So here’s my solution to that: I’m going to throw up all (most) of the photos I want to write and/or talk about in this one post and just clear them out of the way. Then I can get started one new stuff. Chinese New Year is only a week away!
There’s actually A LOT of information here, if you click all the links.
To see larger galleries of images similar to each one below, click on each image… To read more about each location, click on the links under each image.
A summer sunrise at my favorite campground, Shitiping, Taiwan.
The above image was taken at Shitiping Campground, on Taiwan’s beautiful east coast.
Taiwan Adventures iPhone Guidebook is a brand new way to learn about Taiwan as you travel through it. The “book” has over 900 entries featuring Taiwan’s best travel highlights. Useful to tourists and expats alike, the APP has entries describing everything from renting a car or scooter to finding that western food that you’ve been craving. A sample of the Guide is a downloadable from the iTunes Store for free.
Several of my colleagues and I have been working on this guide for nearly a year now. We’ve traveled to nearly every corner of Taiwan to find you the most interesting places, both famous and unknown. We’ve tried to push our favorite part of Taiwan – its amazing natural beauty, but have also scoured the cities for the best they have to offer.
You can get a small sample of the Guide for free from the iTunes Store, then the five divisions of Taiwan (Taipei City, Northern Taiwan, Eastern Taiwan, Central and the South) are a small additional fee.
All the entries have several photos (over 2,000 all together), many of which are exclusive to this APP.
Categories: Must See Taiwan, TAIWAN, Taiwan Adventurers, TRAVEL
Tags: 2. More Information on Taiwan, APP, Apple iPhone, Guide Book, guidebook, information, iPhone, iPhone App, map, Taipei, Taiwan Adventures, TRAVEL, Travel Guide
Longshan Temple 龍山寺 (aka Lungshan and Mengjia 艋舺龍山寺) is the oldest and most well-known temple in all of Taiwan. What’s truly wonderful about it, is that despite being a major tourist destination, Longshan Temple retains it’s charm and genuineness by remaining a place of daily worship. The area around Longshan can be quite interesting as well, and features traditional markets, calligraphers, traditional medicine shops, fortune tellers, and a place called Snake Alley. All these reasons and more are why Longshan Temple is on my list of must see places in Taipei.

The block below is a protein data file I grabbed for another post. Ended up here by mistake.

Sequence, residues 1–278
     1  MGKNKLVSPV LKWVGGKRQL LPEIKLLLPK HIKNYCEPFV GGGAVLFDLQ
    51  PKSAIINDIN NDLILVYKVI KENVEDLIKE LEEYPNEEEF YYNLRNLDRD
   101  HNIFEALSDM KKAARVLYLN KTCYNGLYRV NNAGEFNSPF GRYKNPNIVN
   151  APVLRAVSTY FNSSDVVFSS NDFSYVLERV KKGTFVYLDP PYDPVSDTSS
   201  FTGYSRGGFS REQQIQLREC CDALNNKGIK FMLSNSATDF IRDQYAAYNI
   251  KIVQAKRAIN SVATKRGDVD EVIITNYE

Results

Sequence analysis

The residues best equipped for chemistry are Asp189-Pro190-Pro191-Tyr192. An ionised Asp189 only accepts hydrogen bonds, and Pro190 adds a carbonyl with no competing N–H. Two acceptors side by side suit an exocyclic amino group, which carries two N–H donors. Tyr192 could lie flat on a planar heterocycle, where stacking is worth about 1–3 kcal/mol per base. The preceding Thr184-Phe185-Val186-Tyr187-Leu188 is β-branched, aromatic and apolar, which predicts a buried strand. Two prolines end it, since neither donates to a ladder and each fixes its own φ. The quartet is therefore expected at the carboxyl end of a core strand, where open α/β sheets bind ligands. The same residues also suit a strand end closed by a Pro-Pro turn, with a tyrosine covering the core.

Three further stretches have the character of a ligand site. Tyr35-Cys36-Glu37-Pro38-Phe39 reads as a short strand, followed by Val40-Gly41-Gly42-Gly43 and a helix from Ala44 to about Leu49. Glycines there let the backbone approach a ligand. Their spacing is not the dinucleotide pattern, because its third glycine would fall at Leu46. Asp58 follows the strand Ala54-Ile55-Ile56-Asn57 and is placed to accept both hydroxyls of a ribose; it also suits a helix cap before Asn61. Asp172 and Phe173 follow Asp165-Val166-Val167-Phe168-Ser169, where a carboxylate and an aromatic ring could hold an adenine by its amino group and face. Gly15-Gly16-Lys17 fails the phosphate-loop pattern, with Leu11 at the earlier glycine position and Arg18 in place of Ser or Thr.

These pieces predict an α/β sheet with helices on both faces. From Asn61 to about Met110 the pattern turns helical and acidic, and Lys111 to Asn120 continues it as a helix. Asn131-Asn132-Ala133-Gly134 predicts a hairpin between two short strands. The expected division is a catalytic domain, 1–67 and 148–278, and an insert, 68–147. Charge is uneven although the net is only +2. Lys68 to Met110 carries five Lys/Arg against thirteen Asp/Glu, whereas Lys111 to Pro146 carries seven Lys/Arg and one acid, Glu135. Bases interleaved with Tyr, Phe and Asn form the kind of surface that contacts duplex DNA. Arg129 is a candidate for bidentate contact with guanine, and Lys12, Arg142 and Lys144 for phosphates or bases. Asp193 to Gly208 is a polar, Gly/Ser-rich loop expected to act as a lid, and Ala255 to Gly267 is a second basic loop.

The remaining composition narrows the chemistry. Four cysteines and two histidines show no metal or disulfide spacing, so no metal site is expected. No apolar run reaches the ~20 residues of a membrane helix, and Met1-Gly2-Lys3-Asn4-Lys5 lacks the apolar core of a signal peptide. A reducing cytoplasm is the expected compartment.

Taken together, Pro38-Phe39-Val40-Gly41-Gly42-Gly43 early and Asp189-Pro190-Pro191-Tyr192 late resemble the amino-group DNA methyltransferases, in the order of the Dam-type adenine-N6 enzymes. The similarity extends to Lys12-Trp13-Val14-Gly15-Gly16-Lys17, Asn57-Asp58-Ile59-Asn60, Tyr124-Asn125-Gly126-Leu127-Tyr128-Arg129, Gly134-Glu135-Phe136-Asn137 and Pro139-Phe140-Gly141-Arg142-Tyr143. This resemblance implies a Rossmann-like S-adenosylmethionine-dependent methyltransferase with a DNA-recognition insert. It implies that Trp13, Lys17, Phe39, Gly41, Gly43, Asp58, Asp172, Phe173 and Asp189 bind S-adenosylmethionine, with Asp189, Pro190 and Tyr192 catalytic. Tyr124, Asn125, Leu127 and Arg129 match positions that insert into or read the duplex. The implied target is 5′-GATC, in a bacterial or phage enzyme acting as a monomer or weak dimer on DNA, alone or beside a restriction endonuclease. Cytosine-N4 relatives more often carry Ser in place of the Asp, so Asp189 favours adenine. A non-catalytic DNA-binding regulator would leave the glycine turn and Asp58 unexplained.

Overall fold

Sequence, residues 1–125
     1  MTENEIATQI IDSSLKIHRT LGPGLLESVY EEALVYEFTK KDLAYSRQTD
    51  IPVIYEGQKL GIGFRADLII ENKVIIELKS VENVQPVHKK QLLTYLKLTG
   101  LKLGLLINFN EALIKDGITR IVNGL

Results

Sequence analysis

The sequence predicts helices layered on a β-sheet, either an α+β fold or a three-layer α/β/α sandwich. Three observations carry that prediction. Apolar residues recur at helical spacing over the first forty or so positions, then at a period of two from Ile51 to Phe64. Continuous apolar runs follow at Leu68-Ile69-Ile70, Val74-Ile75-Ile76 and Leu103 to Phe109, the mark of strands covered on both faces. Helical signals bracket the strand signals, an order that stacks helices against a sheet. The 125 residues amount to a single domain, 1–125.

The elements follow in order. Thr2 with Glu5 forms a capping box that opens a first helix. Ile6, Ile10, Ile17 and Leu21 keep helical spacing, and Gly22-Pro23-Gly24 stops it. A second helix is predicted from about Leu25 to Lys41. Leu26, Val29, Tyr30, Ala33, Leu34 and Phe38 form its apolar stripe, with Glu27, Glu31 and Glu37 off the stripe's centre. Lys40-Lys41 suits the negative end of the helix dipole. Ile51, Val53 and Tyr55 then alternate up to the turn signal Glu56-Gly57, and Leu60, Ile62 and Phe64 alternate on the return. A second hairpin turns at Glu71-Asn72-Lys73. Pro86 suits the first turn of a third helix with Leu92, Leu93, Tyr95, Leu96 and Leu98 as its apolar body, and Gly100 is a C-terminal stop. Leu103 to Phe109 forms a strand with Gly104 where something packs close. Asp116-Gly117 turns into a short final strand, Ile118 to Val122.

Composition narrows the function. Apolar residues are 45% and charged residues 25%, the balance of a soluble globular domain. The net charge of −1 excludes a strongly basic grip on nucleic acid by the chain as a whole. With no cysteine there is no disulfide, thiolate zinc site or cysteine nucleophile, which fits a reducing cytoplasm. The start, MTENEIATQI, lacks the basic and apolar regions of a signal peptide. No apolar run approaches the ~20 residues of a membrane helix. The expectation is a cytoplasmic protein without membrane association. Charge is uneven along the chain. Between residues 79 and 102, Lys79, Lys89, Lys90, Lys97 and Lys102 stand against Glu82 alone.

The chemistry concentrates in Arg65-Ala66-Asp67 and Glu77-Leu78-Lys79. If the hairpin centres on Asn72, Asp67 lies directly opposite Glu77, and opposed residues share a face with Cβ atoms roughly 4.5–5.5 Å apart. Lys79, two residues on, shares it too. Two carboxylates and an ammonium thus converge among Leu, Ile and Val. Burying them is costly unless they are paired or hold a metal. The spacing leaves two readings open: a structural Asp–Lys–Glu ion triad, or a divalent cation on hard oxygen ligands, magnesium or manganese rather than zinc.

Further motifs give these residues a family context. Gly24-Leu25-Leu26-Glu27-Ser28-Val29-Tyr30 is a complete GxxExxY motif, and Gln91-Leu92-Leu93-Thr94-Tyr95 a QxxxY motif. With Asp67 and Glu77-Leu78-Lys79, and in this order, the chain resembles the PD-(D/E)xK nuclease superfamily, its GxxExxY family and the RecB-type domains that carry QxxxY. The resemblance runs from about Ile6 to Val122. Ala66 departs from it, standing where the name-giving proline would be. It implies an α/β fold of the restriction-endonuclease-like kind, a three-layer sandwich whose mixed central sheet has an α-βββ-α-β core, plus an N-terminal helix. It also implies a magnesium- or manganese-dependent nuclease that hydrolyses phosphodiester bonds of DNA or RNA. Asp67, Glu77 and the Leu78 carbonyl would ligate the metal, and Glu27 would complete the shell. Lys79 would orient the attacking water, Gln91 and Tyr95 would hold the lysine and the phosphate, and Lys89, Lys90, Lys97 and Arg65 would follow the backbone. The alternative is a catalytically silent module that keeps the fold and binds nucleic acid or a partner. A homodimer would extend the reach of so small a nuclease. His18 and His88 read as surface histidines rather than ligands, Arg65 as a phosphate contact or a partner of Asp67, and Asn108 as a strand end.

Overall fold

Throngs of Buddhists and Daoists pack Longshan Temple in Taipei on Chinese Lunar New Year 2007.
Categories: Must See Taiwan, PHOTOGRAPHY, TAIWAN, TRAVEL
Tags: 2. More Information on Taiwan, Buddhist, Chinese New Year, Daoism, 艋舺龍山寺, 龍山寺, images, Longshan Temple, Lunar New Year, Lungshan Temple, Mazu, Mengjia, must see taipei, PHOTOGRAPHY, religion, Taipei, Taoism, temple, TRAVEL, worship, 台灣, 台北
Myanmar (Burma) is a remote country in Southeast Asia. It’s a country that is isolated from the rest of the world for both geological and political reasons. Travelers here are rewarded with very friendly people, and a culture set apart. The years of isolation mean that Myanmar is one of the only places you can still experience true “old Asia” culture.
Myanmar has had some recent elections and I’ve had a friend ask me about traveling there, so it’s a place that’s been on my mind. I went through some old images that I photographed there, and thought I’d share.
This is just a beautiful sunset that I was lucky enough to witness in a beautiful part of the world. This is U Bien's bridge, near Mandalay, Myanmar.
The Tibetan provinces of Amdo and Kham are the subject of my first multimedia project in a long while. Amdo and Kham are beautiful regions of the world that I’ve been lucky enough to visit twice recently…
Most westerners think of Tibet as being only what is today called the Tibet Autonomous Region (Xizang) in modern China. But what they don’t know is that this is only one third of the historical Tibetan Kingdom. Split off from modern day “Tibet” are the Tibetan Kham and Amdo provinces, now found in the Chinese Yunnan, Sichuan, Qinghai and Gansu provinces.
What is surprising though, is that these areas have become much better places to see Tibetan culture than Lhasa or many other places in Xizang. With both Chinese and Westerners’ attention focused on Lhasa, these areas are much less traveled and have far fewer travel restrictions than Xizang. That gives the Tibetans found there an sense of ease in their day to day lives and makes it a great place to explore.
If you’re interested in learning more or even visiting the region, have a look at my more in depth series of blog posts on the Kham and Amdo Provinces.
Categories: PHOTOGRAPHY, Tibet, TRAVEL
Tags: Amdo, Asia, Buddhism, China, Dege, Ganze, Kham, Litang, multimedia, PHOTOGRAPHY, portraits, Qinghai, Shangri La, Shangrila, Sichuan, Tibet, Tibetan, TRAVEL, Yunnan, Zhongdian
Shiding (石碇) and Shenkeng (深坑) are two small towns found just to the east of Taipei, Taiwan. They’re both withing 3o minutes of Taipei’s convenient MRT system and together, they make for a great day trip out of the city.
Shiding is a simple mountain village located at the convergence of two small mountain streams. It’s got an old-time Taiwan feel to it, and in fact has many stores that are over a century old. It also has two very clean, fish-filled streams that come from virgin forests high above, in the nearby mountains.
Doorways don't get much cooler than this.
Categories: Must See Taiwan, PHOTOGRAPHY, TAIWAN, TRAVEL
Tags: 2. More Information on Taiwan, Asia, 石碇, Day Trips, market, must see, Must See Taiwan, Old Street, Shenkeng, Shiding, Taipei, traditional, TRAVEL, 深坑, 深坑老街
Jade Mountain (玉山) is Taiwan’s tallest mountain at 3,952 m (12,966 ft). It’s located within the Yushan National Park (玉山國家公園) just next to the famous Alishan National Scenic Area (阿里山國家風景區) in the central mountains of Taiwan. If measured from the nearby ocean floor, the Jade Mountain Main Peak rises an impressive 8,000 m in only 100 km.
Getting a permit to hike Jade Mountain is no easy task. My friends an I applied 14 times before finally receiving a permit to hike it on a weekend (A big thanks to Stu Dawson for his tenacity). We received a second round of good luck by getting perfect hiking weather on the 4th of July weekend. The trail to the peak is beautiful, and this hike is an absolute must-do for anyone with an adventurous soul living in Taiwan.
The Jade Mountain Main Peak as seen from the West Peak hiking trail.
Categories: Hiking, PHOTOGRAPHY, TAIWAN, Taiwan Adventurers, TRAVEL
Tags: 2. More Information on Taiwan, adventure, 玉山, 玉山國家公園, 玉山主峰, 阿里山, 阿里山國家風景區, hike, Hiking, Jade Mountain, mountain, Mt. Jade, National Parks, PHOTOGRAPHY, trek, treking, wilderness, 台灣